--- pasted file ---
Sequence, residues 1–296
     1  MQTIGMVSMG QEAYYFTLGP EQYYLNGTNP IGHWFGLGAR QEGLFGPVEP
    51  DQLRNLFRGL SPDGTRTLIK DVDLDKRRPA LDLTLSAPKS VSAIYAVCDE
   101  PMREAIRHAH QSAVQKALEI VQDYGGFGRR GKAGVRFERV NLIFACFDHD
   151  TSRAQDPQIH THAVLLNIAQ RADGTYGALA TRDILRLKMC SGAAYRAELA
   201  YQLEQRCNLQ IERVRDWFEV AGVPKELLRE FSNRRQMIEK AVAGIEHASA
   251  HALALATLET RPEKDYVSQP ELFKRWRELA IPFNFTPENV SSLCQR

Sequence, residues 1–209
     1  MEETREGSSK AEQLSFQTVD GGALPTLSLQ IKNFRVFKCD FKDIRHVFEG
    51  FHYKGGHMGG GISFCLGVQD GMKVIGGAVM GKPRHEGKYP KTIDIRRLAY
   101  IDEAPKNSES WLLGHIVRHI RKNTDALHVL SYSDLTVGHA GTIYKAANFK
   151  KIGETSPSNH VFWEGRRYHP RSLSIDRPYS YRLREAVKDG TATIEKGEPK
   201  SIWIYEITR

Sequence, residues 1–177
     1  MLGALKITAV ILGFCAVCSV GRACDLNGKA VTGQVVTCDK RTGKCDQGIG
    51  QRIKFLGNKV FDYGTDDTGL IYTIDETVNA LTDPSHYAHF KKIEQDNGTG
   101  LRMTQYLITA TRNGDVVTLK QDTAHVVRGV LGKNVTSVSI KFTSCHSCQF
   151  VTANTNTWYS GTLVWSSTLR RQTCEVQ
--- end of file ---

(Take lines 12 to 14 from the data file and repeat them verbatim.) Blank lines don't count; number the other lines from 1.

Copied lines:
   151  KIGETSPSNH VFWEGRRYHP RSLSIDRPYS YRLREAVKDG TATIEKGEPK
   201  SIWIYEITR

Sequence, residues 1–177